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Soweto co-ops scoop Jozi@Work packages

 

At least 10 cooperatives and micro businesses were given a major leg-up on 10 June when they were awarded Jozi@Work packages totalling R1,5 million in value to undertake planned remedial work at the Kliptown Golf Course in Pimville, Soweto.

The work includes the painting of boundary walls and fences around the golf course development.

Speaking at the launch of the project yesterday, Johannesburg Member of the Mayoral Committee for Housing Councillor Dan Bovu said the time for theorising about Jozi@Work had passed, adding that it was now time for implementation.

“We are talking practical things. Every department in the City is doing its bit to ensure Jozi@Work becomes a reality to ensure that tomorrow will indeed be better than today for our communities.”

Jozi@Work, an unprecedented mass empowerment and job creation programme, was launched last year by Executive Mayor Councillor Parks Tau with an initial budget of about R1 billion to tackle poverty, unemployment and inequality in the city by giving work packages such as street cleaning and sweeping, rubbish collection and removal, grass-cutting and landscaping, infrastructure repairs and maintenance, to name a few, to community businesses.

Thousands of small businesses have since been registered under the programme and many have already started working on projects. To demonstrate the City’s commitment to the success of the programme, MMC for Finance Councillor Geoffrey Makhubo announced in his Budget speech recently that Jozi@Work’s allocation in the 2015-2016 financial year would increase three-fold – to R3 billion.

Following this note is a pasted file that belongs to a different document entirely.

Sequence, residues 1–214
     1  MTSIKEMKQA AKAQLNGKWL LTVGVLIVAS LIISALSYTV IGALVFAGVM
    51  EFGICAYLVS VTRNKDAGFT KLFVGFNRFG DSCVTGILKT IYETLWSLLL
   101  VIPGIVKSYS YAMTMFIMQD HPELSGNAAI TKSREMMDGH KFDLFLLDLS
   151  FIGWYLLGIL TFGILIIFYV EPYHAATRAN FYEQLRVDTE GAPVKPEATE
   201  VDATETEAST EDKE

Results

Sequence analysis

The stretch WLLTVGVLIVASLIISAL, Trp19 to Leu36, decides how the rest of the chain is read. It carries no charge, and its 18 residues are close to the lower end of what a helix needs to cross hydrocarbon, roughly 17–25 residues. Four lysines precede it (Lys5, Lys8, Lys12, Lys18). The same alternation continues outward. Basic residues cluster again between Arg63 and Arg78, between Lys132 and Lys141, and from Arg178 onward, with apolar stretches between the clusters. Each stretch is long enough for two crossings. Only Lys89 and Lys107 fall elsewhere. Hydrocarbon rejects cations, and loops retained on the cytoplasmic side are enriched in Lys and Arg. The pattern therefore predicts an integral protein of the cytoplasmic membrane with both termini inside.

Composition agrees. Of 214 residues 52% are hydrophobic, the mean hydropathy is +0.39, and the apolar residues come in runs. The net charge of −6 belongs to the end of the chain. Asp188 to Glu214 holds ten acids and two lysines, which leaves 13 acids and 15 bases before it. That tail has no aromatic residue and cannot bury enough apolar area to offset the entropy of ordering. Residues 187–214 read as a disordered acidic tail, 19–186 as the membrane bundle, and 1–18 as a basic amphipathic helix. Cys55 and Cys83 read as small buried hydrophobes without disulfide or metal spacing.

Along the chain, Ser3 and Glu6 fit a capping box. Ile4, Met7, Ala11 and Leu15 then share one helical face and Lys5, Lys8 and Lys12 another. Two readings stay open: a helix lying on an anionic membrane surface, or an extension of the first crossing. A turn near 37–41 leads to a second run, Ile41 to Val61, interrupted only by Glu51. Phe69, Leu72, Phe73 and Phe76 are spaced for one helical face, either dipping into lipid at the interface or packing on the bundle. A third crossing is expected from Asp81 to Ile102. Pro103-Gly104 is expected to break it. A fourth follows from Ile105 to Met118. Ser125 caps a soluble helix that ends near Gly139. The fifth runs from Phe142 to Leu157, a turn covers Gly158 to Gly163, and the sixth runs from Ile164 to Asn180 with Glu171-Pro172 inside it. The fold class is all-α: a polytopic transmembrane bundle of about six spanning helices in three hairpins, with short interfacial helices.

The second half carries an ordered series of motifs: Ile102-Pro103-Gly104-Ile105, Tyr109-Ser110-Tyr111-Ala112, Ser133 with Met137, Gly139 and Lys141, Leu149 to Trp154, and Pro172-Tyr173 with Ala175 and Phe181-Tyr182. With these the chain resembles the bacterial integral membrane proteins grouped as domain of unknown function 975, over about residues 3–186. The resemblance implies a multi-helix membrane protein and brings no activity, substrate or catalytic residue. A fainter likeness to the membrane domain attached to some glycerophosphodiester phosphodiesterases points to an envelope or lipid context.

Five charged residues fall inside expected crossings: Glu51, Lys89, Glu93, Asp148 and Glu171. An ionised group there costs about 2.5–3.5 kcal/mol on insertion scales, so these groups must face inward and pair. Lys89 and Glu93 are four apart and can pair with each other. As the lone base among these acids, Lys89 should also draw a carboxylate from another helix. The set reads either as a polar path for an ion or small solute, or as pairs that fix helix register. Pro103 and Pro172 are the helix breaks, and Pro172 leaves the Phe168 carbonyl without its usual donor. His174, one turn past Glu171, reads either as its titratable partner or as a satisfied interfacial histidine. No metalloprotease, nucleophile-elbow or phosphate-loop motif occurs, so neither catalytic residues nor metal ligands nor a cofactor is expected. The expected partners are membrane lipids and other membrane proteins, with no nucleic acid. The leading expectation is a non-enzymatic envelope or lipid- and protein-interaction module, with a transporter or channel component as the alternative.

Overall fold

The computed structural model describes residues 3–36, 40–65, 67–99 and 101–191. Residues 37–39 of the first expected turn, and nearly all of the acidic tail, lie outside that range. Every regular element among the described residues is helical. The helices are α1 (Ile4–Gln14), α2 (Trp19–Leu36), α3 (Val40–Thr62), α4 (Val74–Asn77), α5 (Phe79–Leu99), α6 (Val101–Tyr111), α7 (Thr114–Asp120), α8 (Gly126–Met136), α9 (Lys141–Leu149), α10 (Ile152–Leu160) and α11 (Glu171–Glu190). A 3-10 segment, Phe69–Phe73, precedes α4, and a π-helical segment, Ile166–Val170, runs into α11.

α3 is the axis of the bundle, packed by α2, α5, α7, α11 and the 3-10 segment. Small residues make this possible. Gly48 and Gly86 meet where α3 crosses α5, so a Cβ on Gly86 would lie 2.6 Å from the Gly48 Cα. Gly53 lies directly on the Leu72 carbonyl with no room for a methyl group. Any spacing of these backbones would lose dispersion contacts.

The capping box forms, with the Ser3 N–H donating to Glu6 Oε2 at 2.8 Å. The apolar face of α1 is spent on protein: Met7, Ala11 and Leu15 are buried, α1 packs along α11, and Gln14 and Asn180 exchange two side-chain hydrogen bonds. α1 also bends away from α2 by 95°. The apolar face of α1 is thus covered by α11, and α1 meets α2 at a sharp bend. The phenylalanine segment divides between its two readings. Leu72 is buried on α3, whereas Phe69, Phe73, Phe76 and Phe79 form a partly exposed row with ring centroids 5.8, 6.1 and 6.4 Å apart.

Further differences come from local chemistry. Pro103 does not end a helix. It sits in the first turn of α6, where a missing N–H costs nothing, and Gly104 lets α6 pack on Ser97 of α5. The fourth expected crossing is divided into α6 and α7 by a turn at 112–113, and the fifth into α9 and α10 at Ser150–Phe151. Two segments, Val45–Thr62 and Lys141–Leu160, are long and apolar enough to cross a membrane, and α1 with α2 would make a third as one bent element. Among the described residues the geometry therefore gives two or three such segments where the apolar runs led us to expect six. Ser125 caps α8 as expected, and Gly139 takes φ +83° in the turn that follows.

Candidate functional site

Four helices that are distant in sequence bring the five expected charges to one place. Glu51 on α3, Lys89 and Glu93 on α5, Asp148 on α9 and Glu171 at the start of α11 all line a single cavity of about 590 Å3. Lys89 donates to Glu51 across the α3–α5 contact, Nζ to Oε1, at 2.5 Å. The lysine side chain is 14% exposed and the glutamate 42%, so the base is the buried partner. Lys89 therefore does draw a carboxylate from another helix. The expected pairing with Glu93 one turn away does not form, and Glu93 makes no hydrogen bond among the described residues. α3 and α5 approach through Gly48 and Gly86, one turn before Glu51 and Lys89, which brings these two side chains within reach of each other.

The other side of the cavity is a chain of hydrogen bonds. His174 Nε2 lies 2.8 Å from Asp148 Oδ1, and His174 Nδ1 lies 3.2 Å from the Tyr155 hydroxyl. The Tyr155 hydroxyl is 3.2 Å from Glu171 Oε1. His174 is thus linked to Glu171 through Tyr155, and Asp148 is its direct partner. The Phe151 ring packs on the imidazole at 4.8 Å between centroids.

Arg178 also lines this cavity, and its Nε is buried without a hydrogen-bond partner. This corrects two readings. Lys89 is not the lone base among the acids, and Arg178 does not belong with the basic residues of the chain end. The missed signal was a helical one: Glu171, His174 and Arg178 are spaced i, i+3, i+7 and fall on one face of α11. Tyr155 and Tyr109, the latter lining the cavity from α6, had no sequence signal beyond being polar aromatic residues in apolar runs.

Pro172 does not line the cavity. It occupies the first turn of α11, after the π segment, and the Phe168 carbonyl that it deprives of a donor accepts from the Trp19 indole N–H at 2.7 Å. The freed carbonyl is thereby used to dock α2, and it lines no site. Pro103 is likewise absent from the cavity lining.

MMC Bovu said yesterday that for many years the City had appointed established contractors to do maintenance work.

“We are now using co-ops and micro businesses to do the job. This will give co-ops and micro businesses a great start and they can only grow from here,” he said.

He begged small businesses to ensure the programme became a success by putting their shoulders to the wheel.

“Do not be in a hurry to employ workers when you can do the job yourselves. The real sense of a cooperative is to start by taking part yourself,” he said.

Ward councillor Elizabeth Mabaso urged the cooperatives and micro businesses given the work packages not to disappoint the community. She said it was imperative for the leaders of the businesses to ensure that their workers were paid on time and cautioned against self-enrichment at the expense of employees.

“Let’s not see leaders of co-ops driving around in Mercs when the workers are not paid.”

Cheryl Homes, Executive Manager at Joshco, the City’s social housing company, called on the cooperatives and micro businesses to rise to the occasion and emphasised that Joshco would always be there to offer advice when needed.

Speaking on behalf of the cooperatives and micro businesses, Levi Meko said all the beneficiaries were excited to be afforded this opportunity.

“We will do our best to assist our city and the government to deliver to the people,” he said.

Work at the golf course will begin later this month. The project is expected to create at least 50 jobs.